The "refereed" or "peer review" status of a journal comes from the Ulrichsweb Global Serials Directory (http://ulrichsweb.serialssolutions.com/), as supplied by the publisher. The term refers to the system of critical evaluation of manuscripts/articles by professional colleagues or peers. The content of refereed publications is sanctioned, vetted, or otherwise approved by a peer-review or editorial board. The peer-review and evaluation system is utilized to protect, maintain, and raise the quality of scholarly material published in serials. Publications subject to the referee process are assumed, then, to contain higher quality content than those that are not.
Peer Reviewed Journal Article

Coal combustion related fine particulate matter (PM2.5) induces toxicity in Caenorhabditis elegans by dysregulating microRNA expression

Authors: Wu, Q; Han, X; Wang, Di; Zhao, F; Wang, D (2017) HERO ID: 3873282

[Less] We employed an in vivo assay system of Caenorhabditis elegans to determine if and which microRNAs (miRNAs) . . . [More] We employed an in vivo assay system of Caenorhabditis elegans to determine if and which microRNAs (miRNAs) were dysregulated upon exposure to coal combustion related fine particulate matter (PM2.5) by profiling the miRNAs using SOLiD sequencing. From this, expression of 25 miRNAs was discovered to become dysregulated by exposure to PM2.5. Using the corresponding C. elegans deletion mutants, 5 miRNAs (mir-231, mir-232, mir-230, mir-251 and mir-35) were found to be involved in the control of PM2.5 toxicity. Furthermore, mutation of mir-231 or mir-232 induced a resistance to PM2.5 toxicity, whereas mutation of mir-230, mir-251, or mir-35 induced a susceptibility to PM2.5 toxicity. SMK-1, an ortholog of the mammalian SMEK protein, was identified as a molecular target for mir-231 in the regulation of PM2.5 toxicity. In addition, the genes of sod-3, sod-4 and ctl-3, which are necessary for protection against oxidative stress, were determined to be important downstream targets of smk-1 in the regulation of PM2.5 toxicity. The triggering of this mir-231-SMK-1-SOD-3/SOD-4/CTL-3 signaling pathway may be a critical molecular basis for the role of oxidative stress in the induction of coal combustion related PM2.5 toxicity.

The "refereed" or "peer review" status of a journal comes from the Ulrichsweb Global Serials Directory (http://ulrichsweb.serialssolutions.com/), as supplied by the publisher. The term refers to the system of critical evaluation of manuscripts/articles by professional colleagues or peers. The content of refereed publications is sanctioned, vetted, or otherwise approved by a peer-review or editorial board. The peer-review and evaluation system is utilized to protect, maintain, and raise the quality of scholarly material published in serials. Publications subject to the referee process are assumed, then, to contain higher quality content than those that are not.
Peer Reviewed Journal Article

Native brook trout and invasive rainbow trout respond differently to seasonal weather variation: Spawning timing matters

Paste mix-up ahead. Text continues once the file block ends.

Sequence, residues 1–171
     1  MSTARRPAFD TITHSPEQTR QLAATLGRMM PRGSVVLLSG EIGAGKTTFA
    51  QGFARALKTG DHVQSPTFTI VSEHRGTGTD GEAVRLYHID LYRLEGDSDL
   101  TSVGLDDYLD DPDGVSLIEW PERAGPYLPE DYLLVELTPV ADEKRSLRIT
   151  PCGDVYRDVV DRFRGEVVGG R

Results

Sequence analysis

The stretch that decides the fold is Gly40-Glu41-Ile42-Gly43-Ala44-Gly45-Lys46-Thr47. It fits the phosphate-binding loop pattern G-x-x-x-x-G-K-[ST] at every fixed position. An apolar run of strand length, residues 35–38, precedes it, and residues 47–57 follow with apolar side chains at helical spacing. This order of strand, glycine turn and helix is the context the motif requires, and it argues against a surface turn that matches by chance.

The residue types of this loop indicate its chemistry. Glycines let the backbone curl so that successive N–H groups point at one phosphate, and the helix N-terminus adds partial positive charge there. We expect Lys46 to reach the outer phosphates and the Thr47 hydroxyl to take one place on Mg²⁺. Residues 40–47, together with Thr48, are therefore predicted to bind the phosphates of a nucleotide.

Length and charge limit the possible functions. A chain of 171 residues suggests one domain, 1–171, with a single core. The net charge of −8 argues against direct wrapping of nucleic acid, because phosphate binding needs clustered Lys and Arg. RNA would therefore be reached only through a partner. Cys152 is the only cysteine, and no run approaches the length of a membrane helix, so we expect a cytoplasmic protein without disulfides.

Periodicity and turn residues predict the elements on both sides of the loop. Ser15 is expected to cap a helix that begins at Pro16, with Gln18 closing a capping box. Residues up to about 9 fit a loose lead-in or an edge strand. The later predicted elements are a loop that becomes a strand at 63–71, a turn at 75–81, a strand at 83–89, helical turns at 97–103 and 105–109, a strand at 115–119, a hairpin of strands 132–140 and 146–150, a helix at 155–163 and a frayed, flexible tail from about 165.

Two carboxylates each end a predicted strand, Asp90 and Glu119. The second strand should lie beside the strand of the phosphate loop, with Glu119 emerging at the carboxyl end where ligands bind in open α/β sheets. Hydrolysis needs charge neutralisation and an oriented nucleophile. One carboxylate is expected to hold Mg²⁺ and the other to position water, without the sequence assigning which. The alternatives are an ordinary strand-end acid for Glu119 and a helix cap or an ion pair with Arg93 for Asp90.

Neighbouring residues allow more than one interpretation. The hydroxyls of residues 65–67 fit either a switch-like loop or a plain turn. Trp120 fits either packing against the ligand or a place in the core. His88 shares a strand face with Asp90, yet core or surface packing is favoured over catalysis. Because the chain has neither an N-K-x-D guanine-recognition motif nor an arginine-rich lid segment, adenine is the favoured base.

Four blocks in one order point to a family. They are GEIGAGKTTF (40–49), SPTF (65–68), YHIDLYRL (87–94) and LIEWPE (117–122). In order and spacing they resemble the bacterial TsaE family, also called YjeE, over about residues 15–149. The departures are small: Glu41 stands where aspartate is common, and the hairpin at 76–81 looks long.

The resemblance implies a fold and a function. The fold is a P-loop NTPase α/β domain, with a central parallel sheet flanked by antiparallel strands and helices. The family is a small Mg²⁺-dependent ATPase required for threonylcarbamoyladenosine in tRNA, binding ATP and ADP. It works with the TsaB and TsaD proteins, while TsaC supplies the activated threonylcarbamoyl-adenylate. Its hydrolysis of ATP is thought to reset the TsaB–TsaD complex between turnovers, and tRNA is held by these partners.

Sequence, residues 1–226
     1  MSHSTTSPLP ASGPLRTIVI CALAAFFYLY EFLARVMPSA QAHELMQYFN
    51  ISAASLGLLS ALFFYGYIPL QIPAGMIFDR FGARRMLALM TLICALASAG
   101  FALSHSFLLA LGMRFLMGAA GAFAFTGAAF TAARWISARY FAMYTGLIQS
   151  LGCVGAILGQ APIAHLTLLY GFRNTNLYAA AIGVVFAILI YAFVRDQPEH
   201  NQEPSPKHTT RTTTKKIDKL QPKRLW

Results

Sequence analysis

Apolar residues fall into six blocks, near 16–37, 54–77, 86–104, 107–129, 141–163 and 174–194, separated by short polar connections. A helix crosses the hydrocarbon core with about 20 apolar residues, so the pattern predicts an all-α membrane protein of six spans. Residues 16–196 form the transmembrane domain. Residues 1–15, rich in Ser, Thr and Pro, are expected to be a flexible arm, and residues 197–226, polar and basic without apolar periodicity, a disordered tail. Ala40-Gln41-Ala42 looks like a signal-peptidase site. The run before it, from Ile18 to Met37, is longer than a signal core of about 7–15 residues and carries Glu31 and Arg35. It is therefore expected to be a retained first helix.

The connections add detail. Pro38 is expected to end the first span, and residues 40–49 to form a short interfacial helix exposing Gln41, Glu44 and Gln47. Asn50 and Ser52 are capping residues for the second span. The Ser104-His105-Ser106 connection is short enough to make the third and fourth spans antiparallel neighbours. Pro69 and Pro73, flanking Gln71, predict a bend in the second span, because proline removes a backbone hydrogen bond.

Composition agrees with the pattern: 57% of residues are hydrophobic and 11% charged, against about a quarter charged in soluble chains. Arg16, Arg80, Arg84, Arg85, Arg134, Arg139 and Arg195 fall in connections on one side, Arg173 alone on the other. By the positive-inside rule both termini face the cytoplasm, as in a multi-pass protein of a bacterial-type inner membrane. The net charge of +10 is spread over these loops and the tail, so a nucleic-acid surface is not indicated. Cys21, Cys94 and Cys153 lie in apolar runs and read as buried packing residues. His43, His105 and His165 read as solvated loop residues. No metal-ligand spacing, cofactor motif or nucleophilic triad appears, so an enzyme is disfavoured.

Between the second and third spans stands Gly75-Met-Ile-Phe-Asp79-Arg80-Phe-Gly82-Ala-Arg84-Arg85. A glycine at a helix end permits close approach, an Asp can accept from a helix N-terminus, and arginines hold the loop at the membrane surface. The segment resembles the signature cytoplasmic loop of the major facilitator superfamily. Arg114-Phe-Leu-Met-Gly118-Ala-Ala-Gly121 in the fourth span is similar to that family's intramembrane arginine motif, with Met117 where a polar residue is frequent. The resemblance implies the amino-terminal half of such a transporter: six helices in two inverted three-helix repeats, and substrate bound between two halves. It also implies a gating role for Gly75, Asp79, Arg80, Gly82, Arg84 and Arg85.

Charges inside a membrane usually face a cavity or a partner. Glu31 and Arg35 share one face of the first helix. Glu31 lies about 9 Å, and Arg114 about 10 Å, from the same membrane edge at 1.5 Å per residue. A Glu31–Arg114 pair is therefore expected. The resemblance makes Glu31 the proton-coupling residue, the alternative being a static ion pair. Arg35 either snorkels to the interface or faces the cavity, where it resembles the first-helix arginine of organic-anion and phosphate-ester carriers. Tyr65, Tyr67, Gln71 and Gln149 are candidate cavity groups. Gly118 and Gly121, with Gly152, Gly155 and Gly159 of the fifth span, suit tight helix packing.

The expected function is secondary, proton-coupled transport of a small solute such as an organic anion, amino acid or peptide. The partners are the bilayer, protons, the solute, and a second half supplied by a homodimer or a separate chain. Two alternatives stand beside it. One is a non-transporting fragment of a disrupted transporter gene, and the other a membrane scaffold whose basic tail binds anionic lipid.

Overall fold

Authors: Kanno, Y; Kulp, MA; Moore, SE; Grossman, GD (2017) HERO ID: 4170688

[Less] 1. Salmonids have been introduced globally, and native and invasive salmonids co-exist in many regions. . . . [More] 1. Salmonids have been introduced globally, and native and invasive salmonids co-exist in many regions. However, their responses to seasonal weather variation and global climate change are poorly known.

2. The aim of this study was to compare effects of inter-annual variation in seasonal weather patterns on native brook trout (BKT) (Salvelinus fontinalis) versus invasive rainbow trout (RBT) (Oncorhynchus mykiss) abundance using summer electrofishing data (May through September) spanning 28 years in the Great Smoky Mountains National Park, U.S.A. (c. 200 stream sites per species). In particular, we tested if different spawning timing between BKT (autumn) and RBT (late winter) would result in heterogeneous population responses to high seasonal precipitation, which would negatively affect early life stages with impaired swimming ability.

3. As predicted, young-of-the-year (YOY) abundance of autumn-spawning BKT was most strongly impacted by total precipitation between February and March, and RBT YOY abundance was most strongly impacted by peak precipitation between April and May. Despite the presence of these different key seasonal drivers, inter-annual variation in YOY density of these two species was positively correlated because precipitation in April and May also impacted the abundance of BKT YOY.

4. Adult abundance was less responsive to weather variation than YOY abundance, and was most strongly correlated with YOY abundance in the previous year, indicating the importance of flow-driven population control influences on early life stages affecting population sizes into subsequent years. Adult BKT densities were not affected by any weather covariate, whereas adult RBT densities were correlated with four weather covariates in competing models. As a result, there was no correlation in the inter-annual variation in adult density in these two species.